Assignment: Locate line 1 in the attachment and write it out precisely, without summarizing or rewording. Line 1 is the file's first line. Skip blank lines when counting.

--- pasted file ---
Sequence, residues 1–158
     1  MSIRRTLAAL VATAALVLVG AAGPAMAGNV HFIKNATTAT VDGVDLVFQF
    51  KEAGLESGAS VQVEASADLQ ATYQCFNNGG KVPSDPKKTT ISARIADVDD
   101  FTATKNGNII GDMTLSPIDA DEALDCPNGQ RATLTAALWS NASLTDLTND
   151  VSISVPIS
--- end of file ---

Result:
Sequence, residues 1–158